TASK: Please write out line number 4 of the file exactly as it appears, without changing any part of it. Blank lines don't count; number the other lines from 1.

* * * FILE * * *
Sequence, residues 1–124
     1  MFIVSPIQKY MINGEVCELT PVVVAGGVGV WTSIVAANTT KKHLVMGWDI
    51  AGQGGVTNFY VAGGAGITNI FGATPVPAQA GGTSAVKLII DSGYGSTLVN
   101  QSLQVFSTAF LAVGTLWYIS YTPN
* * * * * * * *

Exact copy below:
   101  QSLQVFSTAF LAVGTLWYIS YTPN